7

In terms of actual prohibitions: 1- Male homosexual sex is prohibited to both Jew, and under the covenant G-d made with Noah, to non-Jews as well. 2- Male homosexual intimacy that is not prohibited under #1 is prohibited to Jews under the same kinds of laws that prohibit masturbation. 3- At least some forms of female homosexual sex if not all are ...


6

Shmirat Shabbat K'hilchatah 33:16 writes: מי שמצטער הרבה מחוסר שינה, מותר לו לקחת כדורי-שינה. Someone who suffers greatly from lack of sleep (insomnia) is allowed to take sleeping pills. (my translation) If even sleeping pills are allowed for someone who suffers greatly from insomnia, then some tea should certainly be OK.


6

Sefer Asia - page 244 and page 245 brings different stories quoted by Rabbi Chaim Miller of such situations. Amongst those quoted that urged giving a name prior to a Bris in order to be able to have a name to Daven for were Rabbi Yechezkel Levenstein Zatzal, The Ozorover Rabbi Zatzal, Rabbi Moshe Feinstein Zatzal, Rabbi Eliezer Man Shach Zatzal, and the ...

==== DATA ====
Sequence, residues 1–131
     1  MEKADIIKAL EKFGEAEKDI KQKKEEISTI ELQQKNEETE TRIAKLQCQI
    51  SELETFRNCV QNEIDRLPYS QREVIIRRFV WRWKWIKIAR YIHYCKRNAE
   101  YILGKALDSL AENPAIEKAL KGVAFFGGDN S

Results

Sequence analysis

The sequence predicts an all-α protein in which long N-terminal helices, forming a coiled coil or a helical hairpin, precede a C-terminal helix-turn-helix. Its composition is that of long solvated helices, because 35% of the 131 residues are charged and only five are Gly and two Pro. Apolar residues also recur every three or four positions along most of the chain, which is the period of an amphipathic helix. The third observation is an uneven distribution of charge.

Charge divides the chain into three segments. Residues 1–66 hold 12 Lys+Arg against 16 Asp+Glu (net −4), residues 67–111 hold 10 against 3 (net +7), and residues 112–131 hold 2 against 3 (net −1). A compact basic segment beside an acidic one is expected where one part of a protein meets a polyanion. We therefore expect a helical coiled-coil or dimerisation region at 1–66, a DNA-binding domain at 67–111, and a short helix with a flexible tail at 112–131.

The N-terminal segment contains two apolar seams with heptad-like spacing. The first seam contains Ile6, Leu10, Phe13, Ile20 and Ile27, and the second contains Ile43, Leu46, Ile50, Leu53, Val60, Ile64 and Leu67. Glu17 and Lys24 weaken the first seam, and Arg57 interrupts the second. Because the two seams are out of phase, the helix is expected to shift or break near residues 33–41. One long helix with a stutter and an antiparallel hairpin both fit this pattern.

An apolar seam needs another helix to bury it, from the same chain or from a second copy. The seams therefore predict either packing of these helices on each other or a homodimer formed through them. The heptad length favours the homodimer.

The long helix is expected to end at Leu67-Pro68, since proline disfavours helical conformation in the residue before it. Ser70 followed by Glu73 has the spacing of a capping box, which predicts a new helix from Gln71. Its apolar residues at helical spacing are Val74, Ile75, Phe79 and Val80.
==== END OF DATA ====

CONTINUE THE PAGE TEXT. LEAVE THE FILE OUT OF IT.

6

The Chofetz Chaim writes in a note to the fifth detail of permissible Lashon Hara in Hilchos Lashon Hara 10:14 אפשר דהוא הדין אם כוונתו בסיפורו להפיג את דאגתו מלבו - הוי כמכוון לתועלת על להבא, [ולפי זה מה שאמרו ז"ל, דאגה בלב איש ישיחנה לאחרים, קאי גם על ענין כזה]. אך שיזהר שלא יחסרו שאר הפרטים שבסעיף זה" It is possible that the same [allowance] ...


6

Like many other beliefs, Judaism doesn't have a clear opinion on the matter, but individual Jews do. Rashi, for example, believed in demons and gives that explanation of ruah raah in Eruvin 45b s.v. ruah ra'ah. Accordingly, Saul's possession by the ruah raah (I Samuel 16:14) would be a demonic possession. However, like most other things, there is not a ...


6

A very relevant passage is Nidda (47a) which relates that Sh'muel, examined the body of his slave, to better understand the maturity process and at which point bagrut is achieved. He then paid her 400 zuz to compensate her for the indignity. He explained that the Torah allows one to work a slave; not to embarrass her. It seems that compensation was ...